"All she cared about was that one of my arms moved, that I could sign a contract.
"What I saw there was even more important than the one song I heard.
"I saw a young woman who was so determined to be a star."
In Blonde Ambition's final scene, backstage at the 1984 MTV Awards, Madonna coldly informs Jellybean that she has aborted their child.
"I won't have to choose between my career and a family now," she says, not even deigning to make eye contact. "And that's how I want it."
Madonna has never suggested she was pregnant in 1984, and Hollander's claim would appear to be based on Christopher Andersen's salacious 1992 biography Madonna: Unauthorized (you can read an excerpt here).
However, Madonnahas spoken about having an abortion during the early years of her career on several occasions.
"You always have regrets when you make those kind of decisions," she told Times Magazine in 1996, "but you have to look at your lifestyle and ask, 'Am I at a place in my life where I can devote a lot of time to being the really good parent I want to be?'
"I think you have to be mentally prepared for it. If you're not, you're only doing the world a disservice by bringing up a child you don't want."
(A group of New York Film Students have filmed Blonde Ambition's final scene, should you be interested in watching an am-dram version of the movie).
"I think Madonna's vulgar and tacky," says Cher on the 83rd page of Blonde Ambition. "She's a flash in the pan at best."
Amazing though it may seem, the quote is real.
Madonna even responded to the comment in a 1984 interview with her future biographer J Randy Taborelli, saying: "Who knows tacky better than Cher?"
Half-way through Blonde Ambition, Madonna is desperately seeking a final song to complete her debut album. So she and Jellybean hold an open audition in an indoor swimming pool at the YMCA.
After a montage of dismal musicians playing dismal songs, funk duo Pure Energy walk through the double doors.
Singer Lisa Stevens and bassist Curtis Hudson (bizarrely renamed Richard Curtis in Hollander's script) nervously set up their instruments before playing what will become Madonna's signature song, Holiday.
Great story - but it never happened.
The band originally submitted a cassette demo of the song to Mary Wilson, of The Supremes.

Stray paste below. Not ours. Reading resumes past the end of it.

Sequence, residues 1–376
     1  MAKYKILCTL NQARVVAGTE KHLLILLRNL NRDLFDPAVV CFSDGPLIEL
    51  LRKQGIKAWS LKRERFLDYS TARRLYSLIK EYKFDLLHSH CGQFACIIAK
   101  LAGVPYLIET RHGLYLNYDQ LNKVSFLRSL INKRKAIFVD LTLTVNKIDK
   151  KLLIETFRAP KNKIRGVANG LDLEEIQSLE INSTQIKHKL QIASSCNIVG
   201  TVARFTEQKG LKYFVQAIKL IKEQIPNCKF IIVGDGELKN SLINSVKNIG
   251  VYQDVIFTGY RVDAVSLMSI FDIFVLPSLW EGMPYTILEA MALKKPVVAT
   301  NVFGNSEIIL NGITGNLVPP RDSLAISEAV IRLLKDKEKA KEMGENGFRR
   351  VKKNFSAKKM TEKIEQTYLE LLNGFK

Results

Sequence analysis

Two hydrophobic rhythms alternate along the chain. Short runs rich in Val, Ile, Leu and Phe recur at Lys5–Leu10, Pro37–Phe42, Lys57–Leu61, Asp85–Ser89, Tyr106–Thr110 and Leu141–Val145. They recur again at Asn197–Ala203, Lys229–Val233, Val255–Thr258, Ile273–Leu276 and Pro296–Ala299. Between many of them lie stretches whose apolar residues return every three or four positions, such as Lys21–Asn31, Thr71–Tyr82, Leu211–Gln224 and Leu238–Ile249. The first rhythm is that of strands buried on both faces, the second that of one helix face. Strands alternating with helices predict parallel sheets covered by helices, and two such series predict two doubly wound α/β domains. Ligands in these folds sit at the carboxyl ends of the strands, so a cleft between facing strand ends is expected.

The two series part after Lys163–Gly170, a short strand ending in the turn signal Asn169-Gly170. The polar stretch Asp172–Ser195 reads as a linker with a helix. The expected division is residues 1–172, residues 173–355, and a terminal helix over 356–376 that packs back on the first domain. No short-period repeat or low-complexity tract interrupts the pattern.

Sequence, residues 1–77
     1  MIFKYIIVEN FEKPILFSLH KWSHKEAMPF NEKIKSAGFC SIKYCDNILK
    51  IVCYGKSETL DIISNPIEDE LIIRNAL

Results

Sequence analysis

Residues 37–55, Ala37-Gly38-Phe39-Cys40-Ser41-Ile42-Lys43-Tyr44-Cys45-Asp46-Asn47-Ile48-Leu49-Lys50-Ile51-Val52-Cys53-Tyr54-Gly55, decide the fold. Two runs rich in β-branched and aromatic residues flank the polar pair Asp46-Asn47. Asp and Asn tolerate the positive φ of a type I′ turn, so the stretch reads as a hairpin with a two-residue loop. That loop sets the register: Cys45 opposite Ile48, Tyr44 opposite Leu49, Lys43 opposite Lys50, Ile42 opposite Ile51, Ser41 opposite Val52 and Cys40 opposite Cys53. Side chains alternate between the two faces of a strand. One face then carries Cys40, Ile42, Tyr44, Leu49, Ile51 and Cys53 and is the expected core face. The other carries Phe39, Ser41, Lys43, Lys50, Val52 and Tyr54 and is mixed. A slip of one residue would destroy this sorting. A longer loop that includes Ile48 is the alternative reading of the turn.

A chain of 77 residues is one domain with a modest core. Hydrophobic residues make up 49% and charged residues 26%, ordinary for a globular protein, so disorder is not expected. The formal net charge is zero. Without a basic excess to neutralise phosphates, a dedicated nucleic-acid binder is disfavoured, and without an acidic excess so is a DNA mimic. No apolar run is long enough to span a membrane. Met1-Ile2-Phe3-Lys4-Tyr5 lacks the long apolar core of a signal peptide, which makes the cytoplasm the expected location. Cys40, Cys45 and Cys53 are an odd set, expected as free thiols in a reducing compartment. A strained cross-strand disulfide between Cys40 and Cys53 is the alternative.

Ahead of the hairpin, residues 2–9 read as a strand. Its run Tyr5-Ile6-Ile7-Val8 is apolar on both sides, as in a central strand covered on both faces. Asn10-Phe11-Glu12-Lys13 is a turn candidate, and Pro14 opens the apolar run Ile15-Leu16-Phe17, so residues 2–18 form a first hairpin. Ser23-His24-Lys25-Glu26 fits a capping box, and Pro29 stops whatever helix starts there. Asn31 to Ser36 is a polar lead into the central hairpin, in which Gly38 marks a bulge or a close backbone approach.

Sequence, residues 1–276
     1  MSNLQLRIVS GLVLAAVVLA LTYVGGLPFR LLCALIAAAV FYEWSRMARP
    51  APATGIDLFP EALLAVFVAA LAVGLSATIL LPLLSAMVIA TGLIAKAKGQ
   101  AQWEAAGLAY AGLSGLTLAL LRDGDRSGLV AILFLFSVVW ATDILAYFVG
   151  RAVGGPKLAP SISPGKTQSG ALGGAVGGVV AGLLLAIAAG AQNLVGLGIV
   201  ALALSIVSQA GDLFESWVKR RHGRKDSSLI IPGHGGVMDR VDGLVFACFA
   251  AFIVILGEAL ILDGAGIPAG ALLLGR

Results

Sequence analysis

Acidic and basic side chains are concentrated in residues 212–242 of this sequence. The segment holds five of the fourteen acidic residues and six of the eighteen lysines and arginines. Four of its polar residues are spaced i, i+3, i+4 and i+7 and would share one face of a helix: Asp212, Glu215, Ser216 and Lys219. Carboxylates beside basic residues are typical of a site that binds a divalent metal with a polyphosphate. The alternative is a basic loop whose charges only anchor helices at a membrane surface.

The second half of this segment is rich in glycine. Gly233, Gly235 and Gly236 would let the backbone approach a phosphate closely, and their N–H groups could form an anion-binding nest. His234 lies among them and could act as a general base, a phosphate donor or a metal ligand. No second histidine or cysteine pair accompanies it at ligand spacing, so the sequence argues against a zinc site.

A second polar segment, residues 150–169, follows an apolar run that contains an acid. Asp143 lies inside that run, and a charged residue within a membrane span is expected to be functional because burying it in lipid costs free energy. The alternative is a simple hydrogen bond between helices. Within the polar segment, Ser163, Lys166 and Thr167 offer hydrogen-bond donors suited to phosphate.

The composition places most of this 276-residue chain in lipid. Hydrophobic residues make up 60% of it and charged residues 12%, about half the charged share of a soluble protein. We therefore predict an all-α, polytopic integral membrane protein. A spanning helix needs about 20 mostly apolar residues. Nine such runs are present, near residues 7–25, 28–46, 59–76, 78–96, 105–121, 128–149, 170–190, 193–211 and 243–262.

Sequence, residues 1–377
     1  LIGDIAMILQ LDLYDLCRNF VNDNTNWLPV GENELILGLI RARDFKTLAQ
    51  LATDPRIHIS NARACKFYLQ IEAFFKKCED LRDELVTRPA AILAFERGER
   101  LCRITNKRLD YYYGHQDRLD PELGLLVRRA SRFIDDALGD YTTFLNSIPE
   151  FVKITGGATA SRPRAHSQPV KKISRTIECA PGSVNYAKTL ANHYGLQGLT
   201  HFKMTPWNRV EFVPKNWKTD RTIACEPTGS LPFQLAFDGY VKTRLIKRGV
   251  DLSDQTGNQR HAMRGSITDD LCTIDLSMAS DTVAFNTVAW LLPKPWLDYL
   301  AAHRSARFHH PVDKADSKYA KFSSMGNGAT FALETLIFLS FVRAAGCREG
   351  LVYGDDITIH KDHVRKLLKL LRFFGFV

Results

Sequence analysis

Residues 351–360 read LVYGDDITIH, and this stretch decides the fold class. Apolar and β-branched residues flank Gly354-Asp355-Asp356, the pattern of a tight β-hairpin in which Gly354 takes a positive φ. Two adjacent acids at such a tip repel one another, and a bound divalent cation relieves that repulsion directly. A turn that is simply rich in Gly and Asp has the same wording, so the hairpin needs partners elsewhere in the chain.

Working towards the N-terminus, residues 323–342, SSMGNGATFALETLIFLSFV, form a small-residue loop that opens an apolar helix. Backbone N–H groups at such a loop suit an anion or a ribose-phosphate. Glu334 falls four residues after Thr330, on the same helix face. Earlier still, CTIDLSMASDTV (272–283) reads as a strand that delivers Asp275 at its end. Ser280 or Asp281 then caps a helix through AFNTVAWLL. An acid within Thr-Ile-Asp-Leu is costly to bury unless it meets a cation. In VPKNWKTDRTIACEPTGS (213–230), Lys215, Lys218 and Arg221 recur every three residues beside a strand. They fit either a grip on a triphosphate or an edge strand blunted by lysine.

When she rejected it, Holiday was passed on to Jellybean, who presented it to Madonna.
"The song still generates money," Curtis told blogcritics in 2006 .
"Can you live off of one hit? Yes, you can if you get the right hit. It can last you a lifetime. We've been living proof of that. If we did nothing else, the royalties from Holiday could support us."
Madonna's most public mishap came at the 2015 Brit Awards, when she was yanked off stage by a cape.
But it had happened once before - at the first MTV Awards in 1984, when she lost a stiletto while walking down a 17ft (5m) tall wedding cake in her wedding dress (it could happen to anyone).
Although the incident plays a pivotal part in Blonde Ambition - has she lost the baby? - it was never as serious as the script makes out.
"I thought, 'Well, I'll just pretend I meant to do this,'" Madonna later said. "So I dove on the floor and I rolled around. And, as I reached for the shoe, the dress went up. And [my] underpants were showing."
The stumble-flash made television history and propelled Madonna to even greater heights. And that's where the film drops the curtain.
If the Universal project does get greenlighted, it will have to survive the wrath of the Material Girl.
Most scripts on the Black List — an annual ranking of Hollywood's best unproduced screenplays, voted upon by the people who read them (many of them agency and studio assistants) — remain just that: unproduced.
But not always. Certainly landing in first place on the list doesn't hurt. Such was the case with Blond Ambition: The biopic from first-time screenwriter Elyse Hollander about Madonna's rise to fame earned 48 votes on the 2016 list, 13 nods ahead of the second-place entry from veteran scribe Dan Fogelman (This Is Us).